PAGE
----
Getting to Know Old Damascus

Wednesday, June 29, 2005 | Damascus, Syria

The Souq al-Hamidiyeh, one of the most iconic of Damascus's many sites
In every way, Damascus could not be less like home, but despite my anxiety during the trip here and first several hours in the city, I have come to really enjoy it, and am adapting to the new climate, schedule, political atmosphere, and people here.

Damascus's Old City certainly does not want for sights to explore. In fact, I am quickly learning why Ibn Battuta raved for page after page about the city after his travels first brought him here in 1362:
"Damascus surpasses all other cities in beauty, and no description, however full, can do justice to its charms.... All strangers among them are handsomely treated, and care is taken that they are not forced to any action that might injure their self-respect."
Giddy with the joy of wandering the city, he could hardly spit out fast enough his descriptions of the many marvels he encountered: the markets, public fountains, religious sites, the gushing hospitality

Open-Air Evenings Under the Grapevine

Tuesday, June 28, 2005 | Damascus, Syria

Our spot in Ra'ife's courtyard, beside my bedroom
Since moving in to Ra'ife's home ten days ago, I have already begun to develop a routine.

Each evening, after a long day of Arabic classes and sweltering heat, a small group of us walk down the lane to a local falafel shop to pick up sandwiches, then grab several beers on the way back. We sit at the table in Ra'ife's courtyard, eating, bantering, working on our Arabic homework, comparing our lives back home, or, more commonly, just digesting our days here in Damascus.

There are a few regulars each evening. I get along quite well with Julian, a cheeky 20-something from Australia who's also studying at Damascus University. Marion, the ever mellow German, is living here for a few months while working at the Goethe Institute—Germany's cultural center here in Damascus. Christina, also German, came to Damascus to work on her Arabic, but is in fact mostly just learning filthy English curses and idioms from Julian and me.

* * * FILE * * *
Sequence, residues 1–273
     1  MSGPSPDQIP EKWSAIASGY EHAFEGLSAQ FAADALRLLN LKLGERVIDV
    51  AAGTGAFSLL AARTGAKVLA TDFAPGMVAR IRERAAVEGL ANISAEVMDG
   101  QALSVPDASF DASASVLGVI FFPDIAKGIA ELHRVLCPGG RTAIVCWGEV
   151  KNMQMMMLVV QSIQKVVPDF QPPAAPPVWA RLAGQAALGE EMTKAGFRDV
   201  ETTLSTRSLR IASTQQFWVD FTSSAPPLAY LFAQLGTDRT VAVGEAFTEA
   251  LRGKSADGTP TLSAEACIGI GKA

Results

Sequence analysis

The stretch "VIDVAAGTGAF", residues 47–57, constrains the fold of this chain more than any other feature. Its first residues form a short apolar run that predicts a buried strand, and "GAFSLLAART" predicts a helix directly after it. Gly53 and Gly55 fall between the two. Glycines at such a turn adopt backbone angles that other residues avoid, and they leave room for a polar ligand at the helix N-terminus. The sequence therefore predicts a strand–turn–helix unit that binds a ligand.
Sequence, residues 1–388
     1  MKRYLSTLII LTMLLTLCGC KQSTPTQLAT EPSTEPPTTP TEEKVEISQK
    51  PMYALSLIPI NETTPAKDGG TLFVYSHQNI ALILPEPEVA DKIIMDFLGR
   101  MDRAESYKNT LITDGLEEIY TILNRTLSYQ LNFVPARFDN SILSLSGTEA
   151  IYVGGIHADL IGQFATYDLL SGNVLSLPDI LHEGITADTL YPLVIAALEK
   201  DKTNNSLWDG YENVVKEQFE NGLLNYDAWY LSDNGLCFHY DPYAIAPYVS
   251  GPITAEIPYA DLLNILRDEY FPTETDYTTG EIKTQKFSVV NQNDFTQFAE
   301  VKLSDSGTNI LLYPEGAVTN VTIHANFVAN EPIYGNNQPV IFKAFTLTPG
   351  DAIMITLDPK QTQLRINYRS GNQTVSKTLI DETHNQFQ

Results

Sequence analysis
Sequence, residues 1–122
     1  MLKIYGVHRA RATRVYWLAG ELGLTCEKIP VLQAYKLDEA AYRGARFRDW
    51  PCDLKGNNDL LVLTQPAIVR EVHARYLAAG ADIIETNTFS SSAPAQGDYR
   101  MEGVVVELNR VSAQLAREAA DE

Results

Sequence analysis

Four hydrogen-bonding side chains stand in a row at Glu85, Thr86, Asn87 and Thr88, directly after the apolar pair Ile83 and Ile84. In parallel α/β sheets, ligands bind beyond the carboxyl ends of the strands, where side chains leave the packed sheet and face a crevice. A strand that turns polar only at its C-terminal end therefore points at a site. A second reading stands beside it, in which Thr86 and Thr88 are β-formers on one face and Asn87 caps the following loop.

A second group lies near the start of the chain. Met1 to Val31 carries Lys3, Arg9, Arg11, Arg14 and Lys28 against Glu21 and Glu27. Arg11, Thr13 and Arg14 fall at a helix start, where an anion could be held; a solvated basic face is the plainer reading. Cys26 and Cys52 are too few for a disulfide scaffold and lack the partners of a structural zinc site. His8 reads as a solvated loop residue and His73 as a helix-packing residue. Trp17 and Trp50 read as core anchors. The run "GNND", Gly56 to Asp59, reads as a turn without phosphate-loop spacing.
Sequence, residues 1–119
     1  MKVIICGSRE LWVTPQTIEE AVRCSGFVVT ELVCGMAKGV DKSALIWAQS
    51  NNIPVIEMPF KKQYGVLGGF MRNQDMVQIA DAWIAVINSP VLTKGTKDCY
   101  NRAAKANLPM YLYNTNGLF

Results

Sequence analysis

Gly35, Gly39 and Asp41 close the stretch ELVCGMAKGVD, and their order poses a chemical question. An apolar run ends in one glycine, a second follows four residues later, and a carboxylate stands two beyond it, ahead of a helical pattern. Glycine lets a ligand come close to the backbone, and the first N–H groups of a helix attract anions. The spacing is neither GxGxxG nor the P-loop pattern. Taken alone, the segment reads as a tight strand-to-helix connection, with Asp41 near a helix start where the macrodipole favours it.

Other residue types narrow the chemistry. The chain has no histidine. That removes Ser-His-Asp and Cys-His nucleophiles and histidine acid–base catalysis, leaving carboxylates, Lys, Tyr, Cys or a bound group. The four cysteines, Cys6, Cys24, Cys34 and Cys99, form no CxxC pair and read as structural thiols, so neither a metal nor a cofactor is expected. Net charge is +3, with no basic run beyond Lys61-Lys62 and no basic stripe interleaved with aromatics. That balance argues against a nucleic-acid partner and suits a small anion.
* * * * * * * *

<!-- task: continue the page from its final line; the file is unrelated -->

Nothing in Life is Free, but Life in Damascus Comes Close

Monday, June 27, 2005 | Damascus, Syria

Commercial Bank of Syria and a classic car (As with Cuba, Syria's isolation from the rest of the world has at least one benefit.)
A few days ago, I walked to an ATM in the morning before class to withdraw some cash. I had to pay Ra'ife my rent, which covers my small room with a bed, desk, and dresser, as well as the use of the kitchen, shower, and laundry machine.

For my small room, the monthly rate is 6,000 Syrian lira (US$120), though Ra'ife charges up to 7,000 lira (US$140) for the larger rooms. Once I had also paid her for providing me with lunch each day, my total came to about US$125.

Last night for dinner, I walked with Julian, one of the other students who lives with Ra'ife, to a nearby foul (فول, pronounced like "fool") stand. Foul is a Syrian staple dish of spiced, stewed fava beans, served with bread and vegetables. Julian confirmed that my bill of US$0.80 for the dinner was on the cheap side, even for Damascus, but also said that a fancy dinner out in the nicest

Aboard the "Ship of the Desert" in Palmyra

Sunday, June 26, 2005 | Palmyra, Syria

Taking a test drive with a friend.
On Friday the University faculty organized a day trip for the students in my program to visit Palmyra, in the heart of Syria's barren eastern desert, halfway between Damascus and the Euphrates River.